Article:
Before I get into this week's article, I want to tell you about a free event I'm holding next week. I'm holding a LIVE options webinar on Thursday, November 29th at 6 pm EST, and I'd like to give you a chance to sign up today. We have a limited number of seats available for this webinar, and as a valued reader, I want you to be able to take part.
I'll be discussing “My Step-By-Step Approach to Safely Collecting Monthly Income.” And I'll field questions from the audience.
If you've ever had any questions my options strategy and would like to talk with me personally, next Monday is your best chance. Click here to secure your spot.
Thanksgiving Day is upon us.
And unfortunately, so is the fiscal cliff.
If you’re a dividend investor, you should be concerned about the implications of the fiscal fiasco. The threat of an armadebton will most likely force Congress to increase the current dividend tax rate of 15% to as much as 39.6% for the wealthiest Americans. Add Obamacare’s 3.8% extra income tax on dividends, interest and capital gains, and 2013 could spell the end of a 10-year bull run for dividend stocks.
The added tax will no doubt have a profound effect on the wallets of dividend investors nationwide.
I am truly concerned for investors who use dividends as a source of income because they could potentially pay three times as much tax on the dividends they receive.
And if you are one of the few who think Congress will not have the fortitude to raise dividend taxes … think again.
Why do you think Wal-Mart just moved up their fourth-quarter dividend payout from early January to December? The retail behemoth’s decision is a reflection of all the uncertainty surrounding the dividend cliff. It’s certainly not a vote of confidence toward Congress. Wal-Mart is essentially hedging their bets to make sure company insiders as well as shareholders don’t get dinged by Uncle Sam.
So if one of the largest companies in the world is hedging their bets, you should be prepared to do so as well. And I have a way you can do it …
I’m about to teach you how to choose your own dividend. That’s right, you choose your own dividend.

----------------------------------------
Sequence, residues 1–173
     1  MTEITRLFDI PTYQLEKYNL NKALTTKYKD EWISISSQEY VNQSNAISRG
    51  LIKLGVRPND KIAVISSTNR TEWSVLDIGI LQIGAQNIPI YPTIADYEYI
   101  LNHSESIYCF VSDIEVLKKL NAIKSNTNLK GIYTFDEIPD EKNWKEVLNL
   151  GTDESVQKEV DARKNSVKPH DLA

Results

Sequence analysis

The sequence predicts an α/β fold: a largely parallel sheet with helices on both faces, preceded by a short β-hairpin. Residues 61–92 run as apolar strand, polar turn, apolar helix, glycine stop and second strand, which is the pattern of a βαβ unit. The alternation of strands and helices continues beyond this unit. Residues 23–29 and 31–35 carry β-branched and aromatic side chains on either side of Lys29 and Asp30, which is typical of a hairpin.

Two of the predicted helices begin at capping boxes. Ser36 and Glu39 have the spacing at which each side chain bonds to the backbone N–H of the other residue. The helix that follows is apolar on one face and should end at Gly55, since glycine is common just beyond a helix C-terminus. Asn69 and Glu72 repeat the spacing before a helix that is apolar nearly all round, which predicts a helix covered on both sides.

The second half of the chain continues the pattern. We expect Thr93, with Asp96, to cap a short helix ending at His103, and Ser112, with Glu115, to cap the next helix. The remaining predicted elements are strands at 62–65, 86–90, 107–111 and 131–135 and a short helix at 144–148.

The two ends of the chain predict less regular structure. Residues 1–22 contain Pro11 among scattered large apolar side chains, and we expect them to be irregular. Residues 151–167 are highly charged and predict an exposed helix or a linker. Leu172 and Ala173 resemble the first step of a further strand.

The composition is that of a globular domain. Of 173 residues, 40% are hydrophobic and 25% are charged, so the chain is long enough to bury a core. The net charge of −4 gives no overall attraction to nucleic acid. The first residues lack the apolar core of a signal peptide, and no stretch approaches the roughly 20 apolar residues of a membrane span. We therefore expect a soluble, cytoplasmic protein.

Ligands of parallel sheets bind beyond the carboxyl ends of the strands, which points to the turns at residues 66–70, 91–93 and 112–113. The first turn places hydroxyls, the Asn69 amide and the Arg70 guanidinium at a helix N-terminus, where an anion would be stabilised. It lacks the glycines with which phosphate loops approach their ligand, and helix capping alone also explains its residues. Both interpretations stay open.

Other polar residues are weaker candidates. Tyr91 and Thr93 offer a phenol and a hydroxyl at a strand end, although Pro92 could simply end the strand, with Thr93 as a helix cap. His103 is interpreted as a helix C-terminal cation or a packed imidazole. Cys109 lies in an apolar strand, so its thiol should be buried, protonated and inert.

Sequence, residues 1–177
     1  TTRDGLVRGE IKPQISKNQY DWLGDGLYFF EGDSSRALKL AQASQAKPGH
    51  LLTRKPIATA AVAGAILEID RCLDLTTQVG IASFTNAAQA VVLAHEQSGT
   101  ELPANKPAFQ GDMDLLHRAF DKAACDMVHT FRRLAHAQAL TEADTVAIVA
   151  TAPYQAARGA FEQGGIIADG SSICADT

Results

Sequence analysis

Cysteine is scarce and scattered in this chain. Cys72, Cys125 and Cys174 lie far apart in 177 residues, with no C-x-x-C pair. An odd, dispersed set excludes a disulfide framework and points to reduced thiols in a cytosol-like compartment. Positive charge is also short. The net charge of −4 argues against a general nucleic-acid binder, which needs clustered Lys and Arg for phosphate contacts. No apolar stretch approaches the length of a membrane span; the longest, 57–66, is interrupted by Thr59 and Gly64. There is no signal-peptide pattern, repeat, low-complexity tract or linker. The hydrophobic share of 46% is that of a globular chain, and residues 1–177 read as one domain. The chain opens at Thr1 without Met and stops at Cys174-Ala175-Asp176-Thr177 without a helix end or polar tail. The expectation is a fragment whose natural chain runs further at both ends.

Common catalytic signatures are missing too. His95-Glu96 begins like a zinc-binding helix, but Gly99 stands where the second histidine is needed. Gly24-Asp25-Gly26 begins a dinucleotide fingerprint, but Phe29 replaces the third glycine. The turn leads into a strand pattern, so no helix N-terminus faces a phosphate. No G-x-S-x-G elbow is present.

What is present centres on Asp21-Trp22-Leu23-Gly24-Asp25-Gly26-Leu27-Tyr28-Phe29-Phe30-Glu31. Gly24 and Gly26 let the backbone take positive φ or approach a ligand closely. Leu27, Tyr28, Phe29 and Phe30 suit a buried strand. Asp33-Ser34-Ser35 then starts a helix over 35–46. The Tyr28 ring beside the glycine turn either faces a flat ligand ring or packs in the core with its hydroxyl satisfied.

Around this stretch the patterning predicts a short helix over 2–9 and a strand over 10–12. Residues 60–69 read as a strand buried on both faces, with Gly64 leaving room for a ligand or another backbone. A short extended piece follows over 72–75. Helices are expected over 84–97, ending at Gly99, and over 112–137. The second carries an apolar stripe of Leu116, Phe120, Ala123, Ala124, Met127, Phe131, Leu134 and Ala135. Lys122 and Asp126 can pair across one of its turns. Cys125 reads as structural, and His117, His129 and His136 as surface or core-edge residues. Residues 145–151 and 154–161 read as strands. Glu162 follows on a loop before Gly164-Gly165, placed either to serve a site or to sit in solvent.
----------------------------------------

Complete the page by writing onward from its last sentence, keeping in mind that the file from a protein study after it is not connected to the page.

The time has come for the average investor – either wealthy or in the process of accumulating wealth – to consider using covered calls.
If you own a stock that has a liquid options market, you MUST consider using a covered-call strategy. It’s not complicated and can add significant overall gains to your portfolio, particularly with the advent of a new tax structure on dividends.
So what is a covered call?
A covered call is an options strategy whereby an investor holds a long position in an asset and writes (sells) call options on that same asset to generate increased income.
For example, let's say that you own shares of Wal-Mart (NYSE: WMT). You like the stock’s long-term prospects as well as its share price, but feel the stock will likely trade relatively flat to lower over the next couple of months. Let’s assume that you think the stocks will stay within a dollar or two of its current price – $69.
For every 100 shares of WMT that you own, you can sell a call option with a strike price of $72.50. That option gives the buyer the right to buy your shares for $72.50 apiece, no matter how high the price goes before the option expires. For that right, you earn the premium from the option sale.
For this trade, one of three scenarios can play out:
a) WMT shares trade flat (below the $72.50 strike price) – the option will expire worthless and you keep the premium from the option. In this case, by using the covered call strategy you have successfully outperformed the stock.
b) WMT shares fall – the option expires worthless, you keep the premium, and again you outperform the stock.
c) WMT shares rise above $72.50 – the option is exercised, and your upside is capped at $72.50, plus the option premium. In this case, if the stock price goes higher than $72.50 plus the premium, your covered call strategy has underperformed the stock.
Most investors think of options as high-risk, speculative strategies where large losses can be incurred. While this is certainly true of some options strategies, covered calls are actually more conservative than investing in stocks or ETFs alone.
In other words, a covered-call strategy is SAFER than buying a stock or an ETF. Why?
Because covered calls:
- Allow you to bring in a steady stream of income. Best of all, depending on your risk profile, you choose you own dividend.
- Provide some protection in a down market.
- Are one of few ways an index investor can achieve double-digit returns in a flat or slow-growth market.
- Lower your cost basis while decreasing the volatility of your portfolio.
Remember, covered calls make money when stocks are slightly higher, flat or down. You only get the underlying stock "called" away if it rises significantly.
So again, why would any investor choose to shy away from such a proven income strategy that has outperformed the market and dividend-paying stocks over the long term?
I realize the aforementioned discussion is brief (my managing editor is already going to have a fit about the length of this article). So if you’d like to read more about how I use covered calls, check out the following articles:
Over the next few weeks I will discuss a few real-life examples either here in Daily Profit or in my FREE weekly, The Strike Price (click to join). Stay tuned!!!
As always, if you have any questions regarding covered calls or options in general please do not hesitate to email me at firstname.lastname@example.org.
Editor and Chief Options Strategist